Experimental Investigation of a Non Integer Control for a Micro-Grid Integrated Battery Storage System using Dual Active Bridge

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Experimental Investigation of a Non Integer Control for a Micro-Grid Integrated Battery Storage System using Dual Active Bridge

Alsharef Mohammad

Department of Electrical Engineering, College of Engineering, TAIF University KSA,

AbstractThis paper addresses the voltage regulation problem of a micro-grid integrated battery storage system driven by single phase dual active bridge (DAB) using fractional order proportional, integral derivative (FOPID) control system. The fractional operators are approximated using infinite impulse response (IIR) filter and the corresponding FOPID control system is realized using TI Launchpad (TMS320F28379D) for a low power bi-directional converter using rapid prototyping concepts from MATLAB/Simulink environment. The controller is tested with variable reference command and the results are compared experimentally with integer order PID control system. From the presented experimental results, it is obvious that I comparison to the classical proportional, integral derivative (PID) controller, the proposed method ensures fast transient response and lowest steady state error.

KeywordsDC microgrid, dual active bridge, PID control, fractional order control.


    Due to rise in environmental pollution, human community is compelled to explore clean and sustainable energy resources and infrastructure, therefore inclination of modern world for energy utilization is more towards clean power generation [1]. However, the unpredictable nature of these renewable sources requires stable integration of such sources into the micro-grid, which is very complex. The small-scale micro-grid consists of different generation sources and all these are connected to the common the common bus.

    Generally there are two types of converters i.e. isolated and non-isolated type converters. The isolated converters are mainly used for bidirectional power flow [2]. DAB converter is the most promising topology in isolated converters allowing bidirectional power ow, soft switching operation and high power density. Due to these advantages, various applications of DAB are distributed power systems, renewable energy systems, and hybrid / electric vehicles and so on [3-7].

    Moreover, to reduce switching losses, Single phase shift (SPS) modulation technique is the most commonly used technique. In SPS technique, phase shifts is inserted between the primary and secondary side bridges of the transformer. Other modulation technique such as enhanced phase shift (EPS), double and triple phase shift (DPS&TPS) are also reported to minimize high circulating current [8-9]. In DPS There are two degrees of freedom, namely phase shift 1and 2 to adjust the control of the power ow. 1is introduced between the complementary switches of the primary side bridge whereas, the outer phase shift 2 is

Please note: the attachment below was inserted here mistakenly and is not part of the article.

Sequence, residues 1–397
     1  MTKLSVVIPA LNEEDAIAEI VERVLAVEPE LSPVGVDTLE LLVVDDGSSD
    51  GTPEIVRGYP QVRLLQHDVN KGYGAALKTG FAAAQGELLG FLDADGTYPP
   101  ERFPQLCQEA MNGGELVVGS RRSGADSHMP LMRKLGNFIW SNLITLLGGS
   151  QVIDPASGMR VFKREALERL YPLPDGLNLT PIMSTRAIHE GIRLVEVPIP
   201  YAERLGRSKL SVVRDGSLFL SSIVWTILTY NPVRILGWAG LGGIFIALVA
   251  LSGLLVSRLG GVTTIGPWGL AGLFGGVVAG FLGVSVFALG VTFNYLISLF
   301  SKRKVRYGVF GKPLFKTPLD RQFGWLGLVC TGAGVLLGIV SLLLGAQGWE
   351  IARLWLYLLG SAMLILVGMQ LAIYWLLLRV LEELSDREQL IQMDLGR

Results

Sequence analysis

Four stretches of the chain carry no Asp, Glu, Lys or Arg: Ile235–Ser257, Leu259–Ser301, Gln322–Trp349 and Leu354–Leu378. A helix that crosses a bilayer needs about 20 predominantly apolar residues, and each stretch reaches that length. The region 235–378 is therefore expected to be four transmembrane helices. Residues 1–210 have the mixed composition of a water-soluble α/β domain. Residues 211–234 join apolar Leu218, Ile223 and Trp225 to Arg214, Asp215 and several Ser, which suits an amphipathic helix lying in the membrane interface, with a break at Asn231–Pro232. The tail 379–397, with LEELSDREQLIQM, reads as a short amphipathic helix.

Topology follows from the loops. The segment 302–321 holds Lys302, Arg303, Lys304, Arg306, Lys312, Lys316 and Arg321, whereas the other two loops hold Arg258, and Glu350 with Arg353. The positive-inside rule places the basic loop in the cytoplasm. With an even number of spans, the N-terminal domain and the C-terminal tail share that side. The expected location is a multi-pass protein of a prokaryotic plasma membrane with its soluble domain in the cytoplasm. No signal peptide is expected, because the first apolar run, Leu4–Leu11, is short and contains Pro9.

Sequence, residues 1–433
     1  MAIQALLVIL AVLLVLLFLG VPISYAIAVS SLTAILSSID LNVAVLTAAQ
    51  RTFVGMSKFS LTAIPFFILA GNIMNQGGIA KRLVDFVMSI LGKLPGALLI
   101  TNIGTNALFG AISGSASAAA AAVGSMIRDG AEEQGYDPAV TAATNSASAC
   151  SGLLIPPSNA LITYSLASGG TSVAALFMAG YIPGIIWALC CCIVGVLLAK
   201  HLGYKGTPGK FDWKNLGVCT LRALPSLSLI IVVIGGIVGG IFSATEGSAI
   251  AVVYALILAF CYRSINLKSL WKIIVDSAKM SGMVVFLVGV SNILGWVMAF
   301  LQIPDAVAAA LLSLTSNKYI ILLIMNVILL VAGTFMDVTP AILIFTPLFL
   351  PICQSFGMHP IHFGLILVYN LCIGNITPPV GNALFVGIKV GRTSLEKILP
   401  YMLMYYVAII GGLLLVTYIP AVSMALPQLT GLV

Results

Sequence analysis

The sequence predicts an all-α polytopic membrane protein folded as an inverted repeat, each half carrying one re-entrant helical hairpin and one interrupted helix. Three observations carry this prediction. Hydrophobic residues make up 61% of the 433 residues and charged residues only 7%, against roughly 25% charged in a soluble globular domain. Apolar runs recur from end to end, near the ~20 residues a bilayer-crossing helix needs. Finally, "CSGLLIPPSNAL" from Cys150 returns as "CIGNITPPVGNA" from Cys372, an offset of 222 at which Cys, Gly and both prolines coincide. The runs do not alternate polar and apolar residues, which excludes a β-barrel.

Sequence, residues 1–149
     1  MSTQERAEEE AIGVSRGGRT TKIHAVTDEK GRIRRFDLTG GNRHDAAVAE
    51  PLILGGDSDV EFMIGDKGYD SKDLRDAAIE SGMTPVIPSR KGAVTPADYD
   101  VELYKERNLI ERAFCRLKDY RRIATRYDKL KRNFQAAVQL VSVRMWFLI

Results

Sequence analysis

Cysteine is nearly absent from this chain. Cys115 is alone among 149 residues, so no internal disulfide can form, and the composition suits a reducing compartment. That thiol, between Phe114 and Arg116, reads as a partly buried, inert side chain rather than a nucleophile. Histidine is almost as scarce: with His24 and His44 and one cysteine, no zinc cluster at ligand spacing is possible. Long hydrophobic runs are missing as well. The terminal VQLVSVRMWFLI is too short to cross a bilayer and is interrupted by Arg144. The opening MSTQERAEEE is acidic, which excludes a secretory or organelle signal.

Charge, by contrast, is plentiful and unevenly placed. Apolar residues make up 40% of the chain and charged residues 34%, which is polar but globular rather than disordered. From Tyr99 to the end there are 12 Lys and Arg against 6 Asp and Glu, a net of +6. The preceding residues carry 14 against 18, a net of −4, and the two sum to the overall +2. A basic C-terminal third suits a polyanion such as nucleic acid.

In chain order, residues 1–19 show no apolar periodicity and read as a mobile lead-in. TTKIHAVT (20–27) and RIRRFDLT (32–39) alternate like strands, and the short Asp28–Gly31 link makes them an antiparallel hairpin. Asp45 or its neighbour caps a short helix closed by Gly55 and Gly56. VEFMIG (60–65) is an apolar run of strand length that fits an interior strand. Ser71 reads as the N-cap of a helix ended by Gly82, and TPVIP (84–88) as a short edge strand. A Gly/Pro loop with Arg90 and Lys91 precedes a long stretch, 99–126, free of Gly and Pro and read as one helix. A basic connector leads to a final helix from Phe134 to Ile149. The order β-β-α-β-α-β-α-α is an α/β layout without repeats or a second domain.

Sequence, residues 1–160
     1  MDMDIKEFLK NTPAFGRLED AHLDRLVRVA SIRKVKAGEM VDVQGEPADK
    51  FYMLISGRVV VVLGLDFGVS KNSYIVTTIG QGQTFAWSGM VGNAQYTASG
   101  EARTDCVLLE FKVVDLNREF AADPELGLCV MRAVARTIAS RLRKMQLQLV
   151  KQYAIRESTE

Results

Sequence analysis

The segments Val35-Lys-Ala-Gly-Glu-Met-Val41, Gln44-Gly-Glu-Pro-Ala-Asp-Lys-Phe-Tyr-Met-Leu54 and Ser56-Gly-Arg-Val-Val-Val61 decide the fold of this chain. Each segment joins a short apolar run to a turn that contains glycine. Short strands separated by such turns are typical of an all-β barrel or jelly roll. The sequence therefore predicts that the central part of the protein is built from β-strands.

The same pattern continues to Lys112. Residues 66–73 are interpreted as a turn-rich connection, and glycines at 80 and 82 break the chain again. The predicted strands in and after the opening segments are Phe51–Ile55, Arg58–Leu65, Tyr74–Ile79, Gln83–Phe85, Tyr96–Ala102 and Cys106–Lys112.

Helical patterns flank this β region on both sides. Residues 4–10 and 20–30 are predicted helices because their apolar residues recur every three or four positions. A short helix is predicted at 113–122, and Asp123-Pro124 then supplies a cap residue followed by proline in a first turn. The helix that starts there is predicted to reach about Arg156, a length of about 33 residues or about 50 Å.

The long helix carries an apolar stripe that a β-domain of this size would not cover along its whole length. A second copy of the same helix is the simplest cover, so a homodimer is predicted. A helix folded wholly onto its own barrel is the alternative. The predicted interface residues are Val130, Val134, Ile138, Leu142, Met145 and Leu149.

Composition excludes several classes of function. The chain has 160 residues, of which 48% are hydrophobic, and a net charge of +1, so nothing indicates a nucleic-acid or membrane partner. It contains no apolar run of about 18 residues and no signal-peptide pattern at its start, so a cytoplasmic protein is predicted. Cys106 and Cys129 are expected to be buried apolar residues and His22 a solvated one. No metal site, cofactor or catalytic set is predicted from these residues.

incorporated between the two bridges of the DAB. Furthermore, triple phase shift modulation technique implements three-degree control variable [10]. However, these modulation techniques have their own limitations due to their higher degrees of complexities.

    Stable regulation of output voltage requires close loop control techniques. Several control strategies have been proposed, including linear and non-linear control techniques. Linear controllers such as single loop or dual loop PID are easy to implement. However, variation in circuit parameters and model uncertainties can degrade the converter performance. Fixed gain PI controller is reported in [11-12] and Articial Neural Network (ANN) based control is proposed in [13]. Apart from linear, nonlinear control techniques show encouraging performance under circumstance of variable source or load. However, nonlinear controllers are complex and require more computational time for its implementation [14-16]. This paper proposes fractional order PID control method for voltage loop of the secondary side bridge of the DAB topology. The organization of the paper is detailed as following. Section II represents Notation; Section III discusses problem formulation. Section IV presents the results and discussion. Conclusion is made in section V


    A. Dual active bridge configuration

    Block diagram representations of a DC micro-grid and DAB converters are shown in figure 1a and figure 1b respectively. As shown in the diagram, two H-bridges are integrated using high frequency transformer. Each H-bridge comprises of four switching devices, a dc capacitors and leakage inductor Ls is connected with secondary of high frequency transformer. Square voltage wave forms are obtained by switching the bridges H1 and H2 by using complementary constant pulse width modulating signal (PWM) with 50% duty cycle. Bidirectional power flow is possible by adjusting the parameter of the output voltages V1 and V2 of H-bridges respectively